GM Chief to Resign at White House's Behest Obama Pushes General Motors and Chrysler to Slim Down, Make More Concessions
By Peter Whoriskey Washington Post Staff Writer Monday, March 30, 2009; A01
The Obama administration has forced the longtime head of General Motors to resign and said yesterday that it would withhold additional federal aid to the auto industry unless the ailing companies undertake changes they so far have been unwilling or unable to make.
The administration effectively rejected as untenable the business plans that GM and Chrysler had submitted to restructure their companies, saying that neither had fulfilled the terms of the federal loans the companies received in December.
. . . Between 2005 and last year, Wagoner oversaw more than $73 billion in losses.
His defenders, however, have noted that during Wagoner's reign GM has led the industry in renegotiating key contracts with the United Auto Workers. Those revised contracts allow automakers to pay new hires much lower wages and permit the company to shift billions in retiree health-care costs to a union-run trust. Both of those moves put the company in far better financial position for the future.
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The Harvard Business School strikes again, as '77 graduate Rick Wagoner gives the heave-ho to R&D, blunders ahead on the big-ticket, big-profit SUV and pickup truck lines, finally skidding to a stop with three flat tires and a busted company.
Who knew? bawls the now 'downsized' General Motors' CEO, as his legacy grinds like a blown transmission down to wrecking the company, renegotiating (downward) wages and shifting health care to the Unions. That essentially means that workers who relied upon GM to provide health care can now take care of themselves.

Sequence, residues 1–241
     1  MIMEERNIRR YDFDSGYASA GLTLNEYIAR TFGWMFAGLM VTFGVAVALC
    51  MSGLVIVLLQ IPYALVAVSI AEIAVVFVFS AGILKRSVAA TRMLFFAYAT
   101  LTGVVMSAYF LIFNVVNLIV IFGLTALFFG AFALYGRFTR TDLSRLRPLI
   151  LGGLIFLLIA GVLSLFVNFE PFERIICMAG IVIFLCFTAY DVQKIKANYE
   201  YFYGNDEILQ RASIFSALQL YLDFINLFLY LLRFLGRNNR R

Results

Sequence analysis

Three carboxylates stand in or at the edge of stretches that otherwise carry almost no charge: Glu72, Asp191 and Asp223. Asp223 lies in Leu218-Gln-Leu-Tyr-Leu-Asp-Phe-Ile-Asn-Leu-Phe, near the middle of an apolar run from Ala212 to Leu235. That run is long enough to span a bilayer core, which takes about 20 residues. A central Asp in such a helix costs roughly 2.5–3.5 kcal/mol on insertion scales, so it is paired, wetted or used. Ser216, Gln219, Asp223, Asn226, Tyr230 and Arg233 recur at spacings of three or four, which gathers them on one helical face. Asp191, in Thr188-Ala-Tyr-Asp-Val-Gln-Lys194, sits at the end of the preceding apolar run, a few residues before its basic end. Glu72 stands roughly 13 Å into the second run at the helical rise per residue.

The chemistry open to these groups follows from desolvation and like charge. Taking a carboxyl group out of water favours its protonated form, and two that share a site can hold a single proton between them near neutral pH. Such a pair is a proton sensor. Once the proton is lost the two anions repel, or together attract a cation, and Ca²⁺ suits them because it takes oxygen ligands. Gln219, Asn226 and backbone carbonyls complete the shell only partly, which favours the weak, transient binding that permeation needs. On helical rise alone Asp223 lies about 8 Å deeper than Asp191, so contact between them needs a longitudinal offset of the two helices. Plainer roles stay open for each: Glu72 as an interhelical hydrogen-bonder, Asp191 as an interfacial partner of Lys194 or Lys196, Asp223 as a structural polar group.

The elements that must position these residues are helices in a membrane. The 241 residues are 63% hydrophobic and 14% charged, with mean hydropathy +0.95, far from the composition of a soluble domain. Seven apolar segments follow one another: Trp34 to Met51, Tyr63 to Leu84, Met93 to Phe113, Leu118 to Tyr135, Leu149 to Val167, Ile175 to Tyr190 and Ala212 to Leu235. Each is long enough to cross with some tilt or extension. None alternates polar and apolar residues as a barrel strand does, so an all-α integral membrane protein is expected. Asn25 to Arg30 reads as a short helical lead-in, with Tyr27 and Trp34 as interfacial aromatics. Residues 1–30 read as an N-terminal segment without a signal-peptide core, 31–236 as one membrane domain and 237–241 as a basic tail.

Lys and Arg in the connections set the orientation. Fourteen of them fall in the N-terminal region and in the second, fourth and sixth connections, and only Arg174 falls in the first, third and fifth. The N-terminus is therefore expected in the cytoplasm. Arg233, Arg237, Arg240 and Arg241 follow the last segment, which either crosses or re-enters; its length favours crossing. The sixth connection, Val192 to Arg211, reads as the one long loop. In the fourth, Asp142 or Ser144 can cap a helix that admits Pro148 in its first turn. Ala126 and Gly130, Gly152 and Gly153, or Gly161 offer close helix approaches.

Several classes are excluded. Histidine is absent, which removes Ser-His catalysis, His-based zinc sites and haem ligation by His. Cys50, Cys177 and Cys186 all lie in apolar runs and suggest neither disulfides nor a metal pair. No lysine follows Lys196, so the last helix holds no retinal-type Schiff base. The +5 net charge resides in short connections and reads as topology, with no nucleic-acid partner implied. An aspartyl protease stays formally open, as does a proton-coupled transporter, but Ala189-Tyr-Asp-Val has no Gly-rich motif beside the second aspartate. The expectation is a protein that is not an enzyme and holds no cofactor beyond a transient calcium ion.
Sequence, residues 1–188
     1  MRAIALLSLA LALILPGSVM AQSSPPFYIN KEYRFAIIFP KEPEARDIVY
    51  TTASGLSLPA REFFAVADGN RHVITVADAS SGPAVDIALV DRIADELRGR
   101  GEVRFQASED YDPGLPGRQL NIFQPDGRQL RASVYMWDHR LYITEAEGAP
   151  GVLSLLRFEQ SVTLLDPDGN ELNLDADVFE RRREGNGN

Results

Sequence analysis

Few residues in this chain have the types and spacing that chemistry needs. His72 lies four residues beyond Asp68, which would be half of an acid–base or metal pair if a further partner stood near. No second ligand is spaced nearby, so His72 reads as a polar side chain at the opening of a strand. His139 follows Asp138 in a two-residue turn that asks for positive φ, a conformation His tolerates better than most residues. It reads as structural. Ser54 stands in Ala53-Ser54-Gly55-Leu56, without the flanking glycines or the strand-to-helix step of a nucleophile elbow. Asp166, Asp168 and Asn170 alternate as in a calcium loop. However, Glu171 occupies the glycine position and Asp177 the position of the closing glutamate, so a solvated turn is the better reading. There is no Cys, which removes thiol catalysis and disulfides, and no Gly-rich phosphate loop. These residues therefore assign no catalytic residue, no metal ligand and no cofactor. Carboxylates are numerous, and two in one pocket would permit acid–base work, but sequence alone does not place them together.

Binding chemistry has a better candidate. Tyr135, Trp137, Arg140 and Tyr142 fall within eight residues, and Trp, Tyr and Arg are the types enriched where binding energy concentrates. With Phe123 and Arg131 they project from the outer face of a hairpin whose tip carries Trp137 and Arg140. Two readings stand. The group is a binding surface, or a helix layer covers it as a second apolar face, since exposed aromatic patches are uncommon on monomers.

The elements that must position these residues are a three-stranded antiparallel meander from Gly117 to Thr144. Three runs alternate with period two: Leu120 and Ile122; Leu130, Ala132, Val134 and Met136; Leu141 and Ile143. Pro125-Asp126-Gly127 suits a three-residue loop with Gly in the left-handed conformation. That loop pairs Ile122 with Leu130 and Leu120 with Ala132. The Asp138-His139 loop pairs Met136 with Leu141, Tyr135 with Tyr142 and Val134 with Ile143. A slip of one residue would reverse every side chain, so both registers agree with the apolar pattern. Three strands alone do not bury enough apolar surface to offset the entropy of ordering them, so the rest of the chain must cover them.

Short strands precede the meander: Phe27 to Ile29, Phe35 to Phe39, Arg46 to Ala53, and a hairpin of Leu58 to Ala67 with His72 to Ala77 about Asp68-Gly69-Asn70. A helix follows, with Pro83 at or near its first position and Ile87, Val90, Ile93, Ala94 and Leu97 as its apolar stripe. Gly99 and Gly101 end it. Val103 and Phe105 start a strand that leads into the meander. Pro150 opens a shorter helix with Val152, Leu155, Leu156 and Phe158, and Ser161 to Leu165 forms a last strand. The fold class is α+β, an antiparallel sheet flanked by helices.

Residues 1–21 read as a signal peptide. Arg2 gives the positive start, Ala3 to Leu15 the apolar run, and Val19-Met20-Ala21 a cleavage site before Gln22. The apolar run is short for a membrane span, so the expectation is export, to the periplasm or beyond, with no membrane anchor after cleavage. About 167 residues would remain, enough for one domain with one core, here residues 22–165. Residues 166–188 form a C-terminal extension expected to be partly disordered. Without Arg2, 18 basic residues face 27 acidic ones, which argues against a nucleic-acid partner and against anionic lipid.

Wow, Rick. I wonder if the full story of your storied years at GM will be studied by future grads at the good ol' Harvard Business School?
How does a CEO lose $73 billion in three years and not get defenestrated from the 14th floor Executive Suite? That's two thousand million buckaroos a month, nearly a $100 million a day on the basis of a five day week. Do you suppose anyone was pulling all-nighters up there? Any emergency meetings of the finance committee? Anyone even bother to see what the Japanese were doing.
Yeah, Toyota had a serious loss year as well, but they have a war-chest of retained earnings, something GM can only wish for. So, here we are, supposedly bailing out GM to save jobs, then demanding more job cuts and more shifting of liability back to the workers through their union. One wonders why we bother?
Tongue-in-cheek (but not all that far), I opined some years ago (2005) "My Plan to Save General Motors," that GM ought to become a brand manager and get out of manufacturing.
Actually, it looks like they are well on the way, but the brands may go as well, thanks to decades of inbred staring at the hood ornament.